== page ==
Of course, I don’t plan on being that mopey girl who coops herself up in her room and only watches rom-coms on Netflix all year. I know college will be beyond incredible, with so many amazing people to meet and interesting things to do. I can’t wait to get to know all of my floormates and have movie nights and eat really, really good food. I am actually super excited for my classes too, although I’ll admit the studying is definitely lacking appeal. But whatever. I will learn lots.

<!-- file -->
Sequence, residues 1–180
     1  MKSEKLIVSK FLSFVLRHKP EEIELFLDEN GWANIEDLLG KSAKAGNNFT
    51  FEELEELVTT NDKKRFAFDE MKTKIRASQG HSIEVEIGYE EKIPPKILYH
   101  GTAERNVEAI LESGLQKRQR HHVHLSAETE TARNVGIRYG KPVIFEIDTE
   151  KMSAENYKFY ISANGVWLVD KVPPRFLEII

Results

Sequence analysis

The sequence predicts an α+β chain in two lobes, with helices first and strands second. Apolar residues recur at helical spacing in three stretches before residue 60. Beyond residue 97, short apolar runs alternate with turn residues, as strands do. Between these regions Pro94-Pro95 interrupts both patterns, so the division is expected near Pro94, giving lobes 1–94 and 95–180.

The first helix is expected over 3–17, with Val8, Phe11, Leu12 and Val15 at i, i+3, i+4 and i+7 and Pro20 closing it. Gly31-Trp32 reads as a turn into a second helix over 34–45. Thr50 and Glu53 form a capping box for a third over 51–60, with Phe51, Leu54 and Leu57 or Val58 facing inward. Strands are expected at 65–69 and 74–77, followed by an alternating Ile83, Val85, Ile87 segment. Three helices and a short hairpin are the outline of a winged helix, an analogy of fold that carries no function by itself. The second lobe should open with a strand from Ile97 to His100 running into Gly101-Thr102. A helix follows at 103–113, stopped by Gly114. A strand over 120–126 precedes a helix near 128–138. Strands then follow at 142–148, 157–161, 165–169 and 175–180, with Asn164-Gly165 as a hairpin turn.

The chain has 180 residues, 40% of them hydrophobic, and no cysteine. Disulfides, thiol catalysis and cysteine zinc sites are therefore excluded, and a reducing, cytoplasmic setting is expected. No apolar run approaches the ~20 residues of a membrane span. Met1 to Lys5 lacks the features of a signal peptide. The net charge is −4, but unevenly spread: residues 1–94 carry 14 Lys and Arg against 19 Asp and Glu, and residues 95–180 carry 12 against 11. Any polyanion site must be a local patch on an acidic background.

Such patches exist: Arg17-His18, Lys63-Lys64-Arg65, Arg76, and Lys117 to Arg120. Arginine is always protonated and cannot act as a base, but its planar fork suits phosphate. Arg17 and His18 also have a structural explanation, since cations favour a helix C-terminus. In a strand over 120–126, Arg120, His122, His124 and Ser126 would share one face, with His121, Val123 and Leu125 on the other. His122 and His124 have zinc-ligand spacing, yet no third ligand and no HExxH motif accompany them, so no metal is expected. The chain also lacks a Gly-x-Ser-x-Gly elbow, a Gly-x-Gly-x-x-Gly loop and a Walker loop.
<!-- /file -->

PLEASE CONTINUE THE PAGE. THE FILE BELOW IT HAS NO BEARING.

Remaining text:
I’m just going to miss stuff about being home. Like going on walks with my mom and grandma, and watching AFV with my dad, and pestering my sister when I’m bored. I’m going to miss my boyfriend too. And my friends. And, surprisingly, my stupid dog.

Even though I’d love to fly off to Neverland at times like these, it’s time to grow. Not grow up, necessarily, but grow. And I abso-bloody-lutely intend on keeping this blog while in school, so perhaps you will get to witness some of my growth (not physically, that was over and done three years ago), maybe even as a writer. Who knows. Limitless possibilities.

So, yes. College. University. Here I come.